Tuesday, 27 November 2007

Hinkley C on the cards after nuclear firm names West Somerset on new build list

A NEW nuclear power station is now almost certain to be built at Hinkley Point – and there could even be two or more new stations as Britain moves to adopt energy sources which will not add to global warming.
British Energy, which owns the Hinkley Point B station, announced on Tuesday, November 27, the West Somerset site was listed as one of eight locations across England and Scotland which could house the country’s next generation of nuclear plants.
It follows a review of every site owned by the company to determine if they could withstand the effects of global warming.
There had been concern that coastal sites such as Hinkley Point could be under threat from rising sea levels and increasingly heavy rainfall.
Research by engineering consultants Halcrow showed flood defence and coast protection measures could be deployed on all sites to make replacement build a feasible option.
Halcrow said the work needed to secure Hinkley Point would involve an extension to the existing constructed cliff protection measures in order to prevent erosion, and the new power station structures should be set back from the cliff line.
It did not predict any flood risks for the elevated site.
Halcrow’s report said: “Relying solely on current engineering methods and knowledge, the sites can be made robust against climate change impacts for the expected lifetimes of the replacement stations.”
Access to the National Grid was likely to be an important constraining factor in selecting sites.
But British Energy said it had already entered into agreements with National Grid for each of the key sites it owns in the South of England, including Hinkley, for grid access in the period from 2016 onwards.
Chief executive Bill Coley said: “Our existing sites all have potential for replacement nuclear, and, indeed we have suitable land at all locations.
“But it is about much more than land. We are building the foundations for replacement nuclear by continuing and strengthening our excellent relationships and dialogue with local communities.
“Our skilled and experienced staff also live locally and provide a healthy flow of skills and talent into the business.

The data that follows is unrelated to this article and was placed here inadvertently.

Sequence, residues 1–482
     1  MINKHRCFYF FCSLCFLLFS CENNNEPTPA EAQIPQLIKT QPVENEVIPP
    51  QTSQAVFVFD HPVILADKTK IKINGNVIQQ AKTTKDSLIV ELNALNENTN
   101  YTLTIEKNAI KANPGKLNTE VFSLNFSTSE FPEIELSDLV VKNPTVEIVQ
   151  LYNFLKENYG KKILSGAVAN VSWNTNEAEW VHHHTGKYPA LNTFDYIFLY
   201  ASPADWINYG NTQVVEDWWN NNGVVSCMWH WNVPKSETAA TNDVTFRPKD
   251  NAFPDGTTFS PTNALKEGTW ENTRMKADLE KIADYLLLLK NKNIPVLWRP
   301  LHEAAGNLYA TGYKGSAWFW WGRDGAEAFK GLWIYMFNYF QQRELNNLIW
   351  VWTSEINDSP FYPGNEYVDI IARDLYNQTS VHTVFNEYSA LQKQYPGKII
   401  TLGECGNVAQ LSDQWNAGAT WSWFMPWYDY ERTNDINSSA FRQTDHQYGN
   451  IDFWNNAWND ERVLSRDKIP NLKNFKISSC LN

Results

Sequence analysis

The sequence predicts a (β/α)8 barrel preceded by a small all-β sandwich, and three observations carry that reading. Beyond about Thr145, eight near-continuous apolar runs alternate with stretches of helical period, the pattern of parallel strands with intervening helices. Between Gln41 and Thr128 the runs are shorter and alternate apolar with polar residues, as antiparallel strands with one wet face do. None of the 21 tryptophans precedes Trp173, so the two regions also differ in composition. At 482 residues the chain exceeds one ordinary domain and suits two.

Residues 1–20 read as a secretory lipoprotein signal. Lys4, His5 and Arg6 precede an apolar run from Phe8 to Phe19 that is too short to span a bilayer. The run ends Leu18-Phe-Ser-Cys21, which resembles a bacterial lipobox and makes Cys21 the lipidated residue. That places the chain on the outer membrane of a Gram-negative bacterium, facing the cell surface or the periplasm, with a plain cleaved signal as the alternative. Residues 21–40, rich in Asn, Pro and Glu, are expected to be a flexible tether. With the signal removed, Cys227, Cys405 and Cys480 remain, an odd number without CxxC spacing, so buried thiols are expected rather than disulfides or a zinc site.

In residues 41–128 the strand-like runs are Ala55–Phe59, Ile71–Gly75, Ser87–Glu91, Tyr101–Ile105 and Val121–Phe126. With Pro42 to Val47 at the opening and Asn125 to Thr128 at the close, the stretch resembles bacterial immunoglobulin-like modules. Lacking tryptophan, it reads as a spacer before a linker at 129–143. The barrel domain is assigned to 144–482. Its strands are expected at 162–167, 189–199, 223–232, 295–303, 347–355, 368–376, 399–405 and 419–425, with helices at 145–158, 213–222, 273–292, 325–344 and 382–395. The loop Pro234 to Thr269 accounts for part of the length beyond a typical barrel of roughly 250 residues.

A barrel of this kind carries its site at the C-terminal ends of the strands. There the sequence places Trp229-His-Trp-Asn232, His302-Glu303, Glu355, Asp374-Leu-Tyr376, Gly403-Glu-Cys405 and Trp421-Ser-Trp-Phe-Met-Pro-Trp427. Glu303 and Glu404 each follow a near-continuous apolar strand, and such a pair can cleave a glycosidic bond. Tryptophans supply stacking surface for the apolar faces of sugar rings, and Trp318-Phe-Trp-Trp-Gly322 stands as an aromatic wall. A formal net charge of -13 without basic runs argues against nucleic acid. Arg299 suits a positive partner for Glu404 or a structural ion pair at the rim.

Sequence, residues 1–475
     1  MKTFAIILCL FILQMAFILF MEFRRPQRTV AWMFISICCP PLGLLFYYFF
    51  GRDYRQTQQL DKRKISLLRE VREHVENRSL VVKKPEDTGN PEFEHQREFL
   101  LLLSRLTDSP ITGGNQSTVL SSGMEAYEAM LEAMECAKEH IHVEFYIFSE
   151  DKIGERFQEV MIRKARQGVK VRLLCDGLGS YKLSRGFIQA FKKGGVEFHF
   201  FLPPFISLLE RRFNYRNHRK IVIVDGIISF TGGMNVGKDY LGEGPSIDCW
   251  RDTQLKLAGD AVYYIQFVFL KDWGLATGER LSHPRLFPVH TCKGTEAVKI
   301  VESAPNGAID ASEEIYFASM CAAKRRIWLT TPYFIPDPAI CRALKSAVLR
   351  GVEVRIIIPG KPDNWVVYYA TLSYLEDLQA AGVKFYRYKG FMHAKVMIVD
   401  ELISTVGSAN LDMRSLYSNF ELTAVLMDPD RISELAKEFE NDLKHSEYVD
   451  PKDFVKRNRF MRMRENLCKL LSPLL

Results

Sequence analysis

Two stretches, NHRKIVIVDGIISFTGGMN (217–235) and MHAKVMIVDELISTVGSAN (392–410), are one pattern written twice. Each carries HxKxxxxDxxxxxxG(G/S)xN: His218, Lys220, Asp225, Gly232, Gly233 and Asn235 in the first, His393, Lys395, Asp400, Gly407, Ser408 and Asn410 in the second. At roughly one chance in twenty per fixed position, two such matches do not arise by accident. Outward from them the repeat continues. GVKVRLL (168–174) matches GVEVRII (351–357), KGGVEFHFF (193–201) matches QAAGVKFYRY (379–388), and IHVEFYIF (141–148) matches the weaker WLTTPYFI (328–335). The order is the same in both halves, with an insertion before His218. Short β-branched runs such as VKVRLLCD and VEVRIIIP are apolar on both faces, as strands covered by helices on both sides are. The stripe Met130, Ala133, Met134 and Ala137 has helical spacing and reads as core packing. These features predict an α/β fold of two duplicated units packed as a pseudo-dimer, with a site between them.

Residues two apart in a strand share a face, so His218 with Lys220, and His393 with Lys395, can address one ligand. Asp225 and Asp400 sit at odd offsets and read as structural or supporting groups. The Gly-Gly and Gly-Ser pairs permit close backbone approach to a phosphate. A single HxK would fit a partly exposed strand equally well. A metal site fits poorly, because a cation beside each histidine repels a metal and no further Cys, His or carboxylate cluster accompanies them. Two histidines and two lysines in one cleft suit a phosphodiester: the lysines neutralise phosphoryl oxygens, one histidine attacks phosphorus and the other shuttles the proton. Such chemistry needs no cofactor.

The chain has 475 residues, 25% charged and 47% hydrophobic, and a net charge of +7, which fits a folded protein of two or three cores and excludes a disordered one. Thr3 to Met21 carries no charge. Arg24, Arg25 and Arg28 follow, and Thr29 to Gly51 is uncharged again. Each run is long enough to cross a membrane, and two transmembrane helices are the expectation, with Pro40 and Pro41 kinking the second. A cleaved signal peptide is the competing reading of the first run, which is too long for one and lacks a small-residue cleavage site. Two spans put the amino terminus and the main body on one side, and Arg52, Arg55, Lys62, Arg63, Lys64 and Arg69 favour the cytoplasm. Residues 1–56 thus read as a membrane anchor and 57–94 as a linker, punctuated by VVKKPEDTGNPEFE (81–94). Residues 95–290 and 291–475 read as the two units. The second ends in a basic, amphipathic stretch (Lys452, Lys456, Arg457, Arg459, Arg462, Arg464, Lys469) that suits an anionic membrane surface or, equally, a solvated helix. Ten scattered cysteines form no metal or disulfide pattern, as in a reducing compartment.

“Our good relationships with our regulators and experience in UK regulation are also key factors, and we continue to work closely with the full range of nuclear industry regulators to meet some of the most stringent standards in the global nuclear industry.”
The Government is expected to decide on the future of nuclear power early in 2008 and if, as expected, the decision is ‘positive’, British Energy will carry out a strategic assessment of siting during the year.
Studies to assess the different locations would vary, but would include examinations of flora and fauna, fisheries and other marine ecology, landscape, geology, noise, and air quality.
Mr Coley said the firm would continue to invest prudently to maintain its sites as strong candidates for replacement builds and ensure any development could proceed as quickly and efficiently as possible if the Government made a positive decision.
Paul Spence, British Energy’s head of strategy and business development, said the company would be in extensive dialogue with local stakeholders and statutory consultees as it developed its proposals and identified the scope of future studies.
Mr Spence said Hinkley Point B had an active local community group which met regularly and was briefed on all topics of interest, including a possible replacement nuclear plant.
British Energy said it remained ‘flexible’ about how its sites would be developed and on the choice of reactor design.
Experts believe any new generation of nuclear power stations are likely to be designs bought in from foreign countries which have continued with nuclear builds, such as Japan.
It is also thought that the capital costs involved would mean new builds would only be viable if at least two plants were constructed at the same time.
For Hinkley Point, that would mean building twin C and D stations.
  • Hinkley B has been running at reduced power after being off-line earlier this year to repair cracks found in its boilers.
  • The neighbouring Hinkley Point A nuclear power station was shut down in May, 2000, and is currently being decommissioned by Magnox Electric Ltd. Halcrow has designed an Intermediate Level Waste Store on the site which will be used to hold intermediate level waste arising from the operation and decommissioning of the station.

  • Our photo shows Hinkley Point B. Photo by Robin Somes.

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